Barack Obama accompanied by his wife Michelle Obama will touch down in the Indian capital on the morning of Jan 25 on a three-day state visit that, besides the symbolism of being the first time a US president would be chief guest at the Republic Day parade, is expected to see “substantive outcomes” from talks in the fields of defence, energy, climate change and trade.
Obama, who is arriving on the invitation of Prime Minister Narendra Modi, who he has called a “man of action”, would arrive on Air Force One at 10 a.m. to a flurry of activities, which would culminate in a visit to Agra to see the Taj Mahal.
Obama is the first US president to visit India twice during his tenure and the first to attend the Republic Day parade as chief guest.
Modi and Obama would interact on at least seven different occasions during the three-day visit.
The two are also to record a joint ‘Mann ki Baat’ to be broadcast on All India Radio Jan 27, in a different take from the joint article they had penned in the Washington Post during Modi’s visit to the US in September 2014.
External affairs ministry spokesperson Syed Akbaruddin said Obama’s visit was a “culmination of a qualitative reinvigoration of our ties following the meeting” between the two leaders in September last year.
He said since that meeting, both sides have “acted with alacrity to collaborate in common pursuits and traversed a transformative path”.
There was no clarification on whether Modi would go to the airport to receive the Obamas.
To a question if the prime minister would go to the airport, the spokesperson said that as per protocol, the minister-in-waiting and senior ministry officials would be going.
Union Power Minister Piyush Goyal has been named minister-in-waiting for the visit and would receive Obama at the airport as well as escort and assist him through the visit.
Lawmakers on the trip include Democratic minority house leader Nancy Pelosi, Ami Bera, co-chair of the Congressional Caucus on India and India Americans, Joe Crowley, vice chair of the Democratic Caucus, and Senator Mark Warner, co-chair of the bipartisan Senate India Caucus.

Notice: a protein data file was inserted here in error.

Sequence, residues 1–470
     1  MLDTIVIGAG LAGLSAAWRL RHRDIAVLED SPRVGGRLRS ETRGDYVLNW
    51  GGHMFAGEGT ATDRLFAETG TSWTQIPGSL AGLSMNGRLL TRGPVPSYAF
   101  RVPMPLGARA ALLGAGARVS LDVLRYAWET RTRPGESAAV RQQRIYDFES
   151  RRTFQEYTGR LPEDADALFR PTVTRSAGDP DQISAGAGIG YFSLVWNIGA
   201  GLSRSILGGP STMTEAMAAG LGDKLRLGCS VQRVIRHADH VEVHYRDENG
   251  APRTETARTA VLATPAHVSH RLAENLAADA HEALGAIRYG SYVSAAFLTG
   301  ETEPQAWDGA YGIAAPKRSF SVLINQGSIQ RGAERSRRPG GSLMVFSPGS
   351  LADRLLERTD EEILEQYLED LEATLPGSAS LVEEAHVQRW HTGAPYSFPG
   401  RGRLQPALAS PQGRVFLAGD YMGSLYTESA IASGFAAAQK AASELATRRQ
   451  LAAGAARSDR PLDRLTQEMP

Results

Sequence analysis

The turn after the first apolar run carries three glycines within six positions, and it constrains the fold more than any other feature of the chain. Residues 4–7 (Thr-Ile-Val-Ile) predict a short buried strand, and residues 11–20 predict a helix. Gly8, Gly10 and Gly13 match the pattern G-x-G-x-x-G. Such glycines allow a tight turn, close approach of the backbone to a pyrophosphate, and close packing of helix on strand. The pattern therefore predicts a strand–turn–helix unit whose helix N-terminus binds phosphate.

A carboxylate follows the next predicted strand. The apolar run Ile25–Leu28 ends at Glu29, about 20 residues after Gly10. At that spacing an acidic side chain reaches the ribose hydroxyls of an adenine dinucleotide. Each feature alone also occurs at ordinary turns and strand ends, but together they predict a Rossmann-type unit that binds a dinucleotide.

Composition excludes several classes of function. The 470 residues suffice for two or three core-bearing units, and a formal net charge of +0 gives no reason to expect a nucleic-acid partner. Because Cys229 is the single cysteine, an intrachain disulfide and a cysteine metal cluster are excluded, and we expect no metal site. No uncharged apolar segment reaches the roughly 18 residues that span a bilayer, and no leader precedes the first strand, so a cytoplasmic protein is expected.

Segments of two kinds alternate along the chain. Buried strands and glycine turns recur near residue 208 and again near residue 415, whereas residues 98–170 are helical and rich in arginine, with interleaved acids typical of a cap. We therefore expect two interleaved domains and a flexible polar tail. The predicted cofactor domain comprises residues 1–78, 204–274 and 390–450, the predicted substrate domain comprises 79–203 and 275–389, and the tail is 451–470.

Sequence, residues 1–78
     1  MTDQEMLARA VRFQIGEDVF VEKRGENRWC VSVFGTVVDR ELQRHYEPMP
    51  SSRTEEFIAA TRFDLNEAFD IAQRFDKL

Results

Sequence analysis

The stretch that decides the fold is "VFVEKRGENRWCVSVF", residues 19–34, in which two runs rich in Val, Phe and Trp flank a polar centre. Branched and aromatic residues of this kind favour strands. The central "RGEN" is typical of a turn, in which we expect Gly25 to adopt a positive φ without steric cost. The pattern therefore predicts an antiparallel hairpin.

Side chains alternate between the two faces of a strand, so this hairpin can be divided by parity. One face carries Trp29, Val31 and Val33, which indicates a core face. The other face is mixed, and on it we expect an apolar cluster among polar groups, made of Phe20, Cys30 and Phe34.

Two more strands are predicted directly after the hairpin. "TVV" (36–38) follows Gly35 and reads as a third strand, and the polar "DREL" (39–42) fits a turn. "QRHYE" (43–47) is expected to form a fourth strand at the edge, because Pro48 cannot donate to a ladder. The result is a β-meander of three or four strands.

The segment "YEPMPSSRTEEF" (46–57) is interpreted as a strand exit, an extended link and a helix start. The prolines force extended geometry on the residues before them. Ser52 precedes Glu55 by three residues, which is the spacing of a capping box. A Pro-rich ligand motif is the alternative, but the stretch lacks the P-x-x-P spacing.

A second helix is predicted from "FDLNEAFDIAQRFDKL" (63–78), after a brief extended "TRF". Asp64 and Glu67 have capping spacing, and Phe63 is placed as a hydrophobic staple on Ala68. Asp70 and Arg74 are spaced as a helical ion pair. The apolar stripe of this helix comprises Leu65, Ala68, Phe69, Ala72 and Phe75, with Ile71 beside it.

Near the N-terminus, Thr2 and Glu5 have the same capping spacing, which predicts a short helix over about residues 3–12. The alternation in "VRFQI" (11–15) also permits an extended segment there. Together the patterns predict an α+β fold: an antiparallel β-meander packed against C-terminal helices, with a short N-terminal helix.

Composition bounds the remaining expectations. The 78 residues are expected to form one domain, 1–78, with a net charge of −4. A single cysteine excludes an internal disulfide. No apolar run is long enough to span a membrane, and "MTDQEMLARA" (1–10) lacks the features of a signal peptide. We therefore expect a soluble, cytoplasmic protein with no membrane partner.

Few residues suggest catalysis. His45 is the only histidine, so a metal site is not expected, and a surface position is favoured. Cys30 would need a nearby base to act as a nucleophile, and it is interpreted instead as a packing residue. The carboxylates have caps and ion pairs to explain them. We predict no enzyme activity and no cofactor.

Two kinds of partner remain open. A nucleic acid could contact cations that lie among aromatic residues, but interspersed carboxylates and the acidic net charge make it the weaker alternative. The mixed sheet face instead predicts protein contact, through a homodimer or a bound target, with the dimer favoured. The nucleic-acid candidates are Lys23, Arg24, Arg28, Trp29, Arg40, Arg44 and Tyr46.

Officials joining Obama on the trip include Commerce Secretary Penny Pritzker, US Trade Representative Michael Froman, and the president’s National Security Advisor Susan E. Rice and Counsellor to the President, John Podesta.
Topics of discussion will include business climate, trade and investment, climate change and energy, defence and security cooperation, regional global issues, Afghanistan and terrorism.
After his arrival, Obama would be accorded a ceremonial reception in the forecourt of Rashtrapati Bhavan.
He would then go to Raj Ghat to pay homage at the memorial of Mahatma Gandhi.
Obama would later head to Hyderabad House for bilateral discussions, which would be held in a restricted format.
After the talks, Modi will be hosting a luncheon for Obama and his delegation, during which delegation-level talks would be held, the spokesperson said.
In the evening of Jan 25, Obama would meet President Pranab Mukherjee, who is to host a banquet in his honour.
On Jan 26, Obama would attend the Republic Day parade at Rajpath as the chief guest – during which India’s military might and cultural diversity is showcased in a two-hour open air event.
In the evening, he would attend the At Home reception on the expansive lawns of Rashtrapati Bhavan hosted by the president.
Obama and Modi would also address business events Jan 26 evening.
Both Modi and Obama are to address the US-India Business Council (USIBC) comprising businesspersons from both countries that evening.
On the last day of the visit Jan 27, Obama would address a select audience at the Siri Fort auditorium on “India and America: The future we can build together”.
The Obamas will then proceed to Agra to see the Taj Mahal, before flying back to the US.
Asked about the expected outcome from the talks, the spokesperson said: “We expect substantive outcome from the talks.”
A nuclear contact group from both sides in engaged in hectic negotiations in London to iron out contentious issues over India’s nuclear liability law ahead of Obama’s visit.
The government said there has been “progress” in the talks but declined to say whether the Modi-Obama meeting would see any breakthrough announcement on implementation of the stalled civil nuclear deal.
The nuclear deal is mainly stuck over India’s stringent civil nuclear liability law that puts the onus on suppliers for any accident.
The two leaders had first met during Modi’s visit to the US in September, where both sides held summit level talks in Washington.
They met again in Myanmar during the East Asia Summit and in Brisbane during the G20 in November.
Both leaders have developed a perceived degree of warmth in ties, which are necessary to push forward the strategic ties.
At the President’s ceremonial banquet Jan 25, among those invited are the Ambani brothers Mukesh and Anil, Amitabh Bachchan, Sania Mirza, Sachin Tendulkar and the three service chiefs.